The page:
• Head of Product Management: effectively takes over the product from the CTO and sets the product management process. The product manager needs to own the product. Therefore, the CTO needs to let go of the baby to the product manager. And the product manager must not report to the CTO! Rather, he should report to the CEO. More on that in a near future blog post.
  • Head of Product Development: helps the product manager discover what it would take to build what the PM wants to build… and once the product backlog is prioritized, he manages the team that will build what has been prioritized. The VP of PD reports to the CTO.
  • Head of UI/UX: could report to the CTO or the product manager. Either way, the UI/UX guy needs to be locked at the hip with the PM. He is responsible for prototyping all the ideas of the PM, and makes sure that the new products/features have been vetted by customers before they are built by the development team.
  • Head of IT/Operations: Assuming you have an SaaS solution, there’s invariably a data center and IT infrastructure that needs to be managed. This position reports to the CTO.

So what does the founding CTO do next?

  • Manage: He needs to make sure he has recruited, on-boarded and mentored his senior management team. This includes making sure they are all marching towards a common goal, are properly tooled and resourced, and are generally happy and meeting their commitments. Yes, the CTO needs to manage… Yuck!!!
  • Research: How about becoming the long term product visionary? While the product manager(s) is(are) thinking of current markets and current market needs, the CTO can look further ahead and envision future markets, future customer needs, and future product capabilities. This brings us to the CTO forming and driving the often neglected Research component within R&D.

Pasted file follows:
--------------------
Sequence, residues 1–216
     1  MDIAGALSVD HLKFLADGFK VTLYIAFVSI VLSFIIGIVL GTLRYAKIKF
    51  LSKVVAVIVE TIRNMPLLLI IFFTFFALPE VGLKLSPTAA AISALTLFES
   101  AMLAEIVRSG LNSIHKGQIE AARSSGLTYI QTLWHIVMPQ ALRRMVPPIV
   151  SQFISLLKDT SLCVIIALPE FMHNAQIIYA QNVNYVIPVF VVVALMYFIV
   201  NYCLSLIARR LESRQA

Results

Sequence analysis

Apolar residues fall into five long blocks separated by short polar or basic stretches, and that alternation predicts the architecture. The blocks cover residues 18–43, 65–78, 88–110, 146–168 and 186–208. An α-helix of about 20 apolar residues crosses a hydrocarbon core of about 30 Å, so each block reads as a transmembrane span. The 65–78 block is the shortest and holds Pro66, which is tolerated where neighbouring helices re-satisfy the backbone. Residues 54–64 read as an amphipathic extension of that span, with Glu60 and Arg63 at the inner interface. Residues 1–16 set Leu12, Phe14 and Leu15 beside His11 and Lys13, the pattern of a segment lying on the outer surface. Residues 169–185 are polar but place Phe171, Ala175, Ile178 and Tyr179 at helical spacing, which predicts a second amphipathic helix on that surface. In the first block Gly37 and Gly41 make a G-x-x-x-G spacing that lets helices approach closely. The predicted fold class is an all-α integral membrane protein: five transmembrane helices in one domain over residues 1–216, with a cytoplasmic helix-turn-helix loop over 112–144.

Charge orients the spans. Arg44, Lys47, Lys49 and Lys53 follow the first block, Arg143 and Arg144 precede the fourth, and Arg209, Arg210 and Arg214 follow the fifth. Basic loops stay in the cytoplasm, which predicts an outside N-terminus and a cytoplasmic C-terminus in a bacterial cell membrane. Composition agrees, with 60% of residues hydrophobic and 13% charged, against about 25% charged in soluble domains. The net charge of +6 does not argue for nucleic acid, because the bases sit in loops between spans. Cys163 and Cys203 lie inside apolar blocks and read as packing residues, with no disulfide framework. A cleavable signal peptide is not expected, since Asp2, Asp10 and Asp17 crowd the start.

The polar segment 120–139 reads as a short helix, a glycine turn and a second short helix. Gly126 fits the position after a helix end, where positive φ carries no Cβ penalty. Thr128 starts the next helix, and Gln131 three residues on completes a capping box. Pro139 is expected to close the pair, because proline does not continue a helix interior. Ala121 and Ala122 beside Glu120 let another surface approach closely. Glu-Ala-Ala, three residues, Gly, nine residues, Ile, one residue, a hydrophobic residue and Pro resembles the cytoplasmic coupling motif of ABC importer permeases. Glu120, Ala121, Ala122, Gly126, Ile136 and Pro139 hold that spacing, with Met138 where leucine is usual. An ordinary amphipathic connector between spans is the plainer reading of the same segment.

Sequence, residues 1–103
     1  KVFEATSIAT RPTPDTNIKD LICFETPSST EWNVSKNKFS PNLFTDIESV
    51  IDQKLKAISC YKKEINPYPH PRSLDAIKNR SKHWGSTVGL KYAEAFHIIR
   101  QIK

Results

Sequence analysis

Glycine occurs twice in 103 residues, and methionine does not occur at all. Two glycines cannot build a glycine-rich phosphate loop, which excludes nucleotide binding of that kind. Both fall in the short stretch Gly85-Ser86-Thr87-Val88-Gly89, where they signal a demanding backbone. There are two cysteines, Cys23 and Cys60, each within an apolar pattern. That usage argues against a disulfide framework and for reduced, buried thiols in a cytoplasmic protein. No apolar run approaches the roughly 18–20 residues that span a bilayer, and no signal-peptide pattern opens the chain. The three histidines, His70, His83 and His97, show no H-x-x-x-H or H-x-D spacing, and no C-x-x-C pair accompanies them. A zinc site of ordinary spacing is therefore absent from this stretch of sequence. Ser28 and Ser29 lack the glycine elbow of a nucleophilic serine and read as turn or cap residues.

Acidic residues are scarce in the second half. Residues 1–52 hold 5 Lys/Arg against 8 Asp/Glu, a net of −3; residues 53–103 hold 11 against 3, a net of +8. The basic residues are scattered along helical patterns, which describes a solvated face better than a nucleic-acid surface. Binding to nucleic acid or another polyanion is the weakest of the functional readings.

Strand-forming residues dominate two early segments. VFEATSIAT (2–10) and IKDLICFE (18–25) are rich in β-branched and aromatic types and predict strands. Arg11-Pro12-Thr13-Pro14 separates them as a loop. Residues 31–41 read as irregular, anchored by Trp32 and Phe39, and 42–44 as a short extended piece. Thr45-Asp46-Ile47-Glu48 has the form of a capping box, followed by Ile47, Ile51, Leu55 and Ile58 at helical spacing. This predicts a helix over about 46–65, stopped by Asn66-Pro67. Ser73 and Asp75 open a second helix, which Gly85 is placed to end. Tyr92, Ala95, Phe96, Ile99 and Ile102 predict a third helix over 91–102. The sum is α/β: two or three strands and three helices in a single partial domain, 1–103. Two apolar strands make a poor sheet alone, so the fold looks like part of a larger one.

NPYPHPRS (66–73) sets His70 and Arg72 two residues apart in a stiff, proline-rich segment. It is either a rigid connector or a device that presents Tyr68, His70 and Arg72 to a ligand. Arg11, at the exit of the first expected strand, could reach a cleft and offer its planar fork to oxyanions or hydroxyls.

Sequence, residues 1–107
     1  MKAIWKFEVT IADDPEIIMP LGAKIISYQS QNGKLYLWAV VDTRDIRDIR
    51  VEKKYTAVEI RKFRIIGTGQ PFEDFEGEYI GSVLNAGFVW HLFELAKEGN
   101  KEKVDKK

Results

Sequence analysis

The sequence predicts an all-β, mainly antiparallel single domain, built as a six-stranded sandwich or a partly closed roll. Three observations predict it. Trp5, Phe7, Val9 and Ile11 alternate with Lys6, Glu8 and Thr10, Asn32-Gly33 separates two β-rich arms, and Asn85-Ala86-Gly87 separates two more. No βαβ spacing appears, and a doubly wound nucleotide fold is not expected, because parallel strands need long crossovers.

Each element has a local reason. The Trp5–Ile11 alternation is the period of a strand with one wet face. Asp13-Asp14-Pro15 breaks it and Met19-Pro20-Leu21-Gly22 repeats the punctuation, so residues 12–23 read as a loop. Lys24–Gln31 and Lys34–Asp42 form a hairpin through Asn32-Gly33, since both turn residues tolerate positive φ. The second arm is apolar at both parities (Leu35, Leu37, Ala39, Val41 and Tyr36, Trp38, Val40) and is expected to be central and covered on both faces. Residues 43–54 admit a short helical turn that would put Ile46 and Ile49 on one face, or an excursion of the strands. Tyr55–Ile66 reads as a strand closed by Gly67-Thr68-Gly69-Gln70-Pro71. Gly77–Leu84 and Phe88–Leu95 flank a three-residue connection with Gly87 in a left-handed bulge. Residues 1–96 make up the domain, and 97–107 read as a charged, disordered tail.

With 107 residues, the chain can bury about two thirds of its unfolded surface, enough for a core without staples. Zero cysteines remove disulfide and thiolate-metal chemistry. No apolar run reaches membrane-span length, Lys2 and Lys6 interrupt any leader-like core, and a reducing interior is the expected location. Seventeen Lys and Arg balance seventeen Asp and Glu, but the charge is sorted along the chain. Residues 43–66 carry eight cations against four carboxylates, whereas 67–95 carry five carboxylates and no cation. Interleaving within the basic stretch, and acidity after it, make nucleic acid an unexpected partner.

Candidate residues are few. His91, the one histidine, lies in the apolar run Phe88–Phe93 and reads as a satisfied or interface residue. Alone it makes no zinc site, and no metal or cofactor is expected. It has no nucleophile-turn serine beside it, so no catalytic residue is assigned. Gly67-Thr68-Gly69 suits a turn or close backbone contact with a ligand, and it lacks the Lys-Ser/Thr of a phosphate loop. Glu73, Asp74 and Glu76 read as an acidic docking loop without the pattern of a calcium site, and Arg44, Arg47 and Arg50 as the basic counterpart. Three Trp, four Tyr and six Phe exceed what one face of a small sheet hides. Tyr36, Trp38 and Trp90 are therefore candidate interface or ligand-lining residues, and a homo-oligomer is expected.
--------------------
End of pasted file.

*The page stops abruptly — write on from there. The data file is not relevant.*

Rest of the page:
• Strategic Business Development: Identify strategic product integration opportunities that can lead to the opening up of new solutions, new markets, or new distribution channels.
  • Hit the Road, Jack: Become the technical evangelist for the company. Whether it is evangelizing to prospects, customers, analysts or strategic partners, early stage companies can always use more and more customer facing senior managers in the field.

The list goes on and on.

The key here is for the founding CTO to stop acting like a CTO, and pick a role he can sink his teeth into. The key is for the CTO to hand off product to the product manager, or become the product manager himself (for real). And the key is for the CTO to find something he’s passionate about to do in his new role, whatever it may be.

The Chief Executive Officer

Firas was previously a venture capitalist at Openview. He has returned to his operational roots and now works as The Chief Executive Officer of Everteam and is also the Founder of nsquared advisory. Previously, he helped launch a VC fund, start and grow a successful software company and also served time as an obscenely expensive consultant, where he helped multi-billion-dollar companies get their operations back on track.